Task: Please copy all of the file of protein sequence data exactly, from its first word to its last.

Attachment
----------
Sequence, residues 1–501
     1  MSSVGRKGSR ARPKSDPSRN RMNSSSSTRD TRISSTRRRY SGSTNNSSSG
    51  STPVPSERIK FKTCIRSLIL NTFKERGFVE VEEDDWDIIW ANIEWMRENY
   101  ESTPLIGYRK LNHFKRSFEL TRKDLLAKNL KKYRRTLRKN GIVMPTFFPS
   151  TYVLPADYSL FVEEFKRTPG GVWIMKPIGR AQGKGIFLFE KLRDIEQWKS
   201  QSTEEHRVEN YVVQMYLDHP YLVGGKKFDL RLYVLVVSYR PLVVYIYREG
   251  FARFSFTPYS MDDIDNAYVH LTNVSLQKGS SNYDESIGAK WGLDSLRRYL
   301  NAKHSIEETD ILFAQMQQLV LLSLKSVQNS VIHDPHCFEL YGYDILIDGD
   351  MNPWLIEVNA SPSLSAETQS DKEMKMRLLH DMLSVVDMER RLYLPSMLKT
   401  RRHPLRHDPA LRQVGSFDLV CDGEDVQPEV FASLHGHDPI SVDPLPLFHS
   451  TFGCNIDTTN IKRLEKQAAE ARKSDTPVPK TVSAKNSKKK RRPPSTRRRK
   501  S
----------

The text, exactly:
Sequence, residues 1–501
     1  MSSVGRKGSR ARPKSDPSRN RMNSSSSTRD TRISSTRRRY SGSTNNSSSG
    51  STPVPSERIK FKTCIRSLIL NTFKERGFVE VEEDDWDIIW ANIEWMRENY
   101  ESTPLIGYRK LNHFKRSFEL TRKDLLAKNL KKYRRTLRKN GIVMPTFFPS
   151  TYVLPADYSL FVEEFKRTPG GVWIMKPIGR AQGKGIFLFE KLRDIEQWKS
   201  QSTEEHRVEN YVVQMYLDHP YLVGGKKFDL RLYVLVVSYR PLVVYIYREG
   251  FARFSFTPYS MDDIDNAYVH LTNVSLQKGS SNYDESIGAK WGLDSLRRYL
   301  NAKHSIEETD ILFAQMQQLV LLSLKSVQNS VIHDPHCFEL YGYDILIDGD
   351  MNPWLIEVNA SPSLSAETQS DKEMKMRLLH DMLSVVDMER RLYLPSMLKT
   401  RRHPLRHDPA LRQVGSFDLV CDGEDVQPEV FASLHGHDPI SVDPLPLFHS
   451  TFGCNIDTTN IKRLEKQAAE ARKSDTPVPK TVSAKNSKKK RRPPSTRRRK
   501  S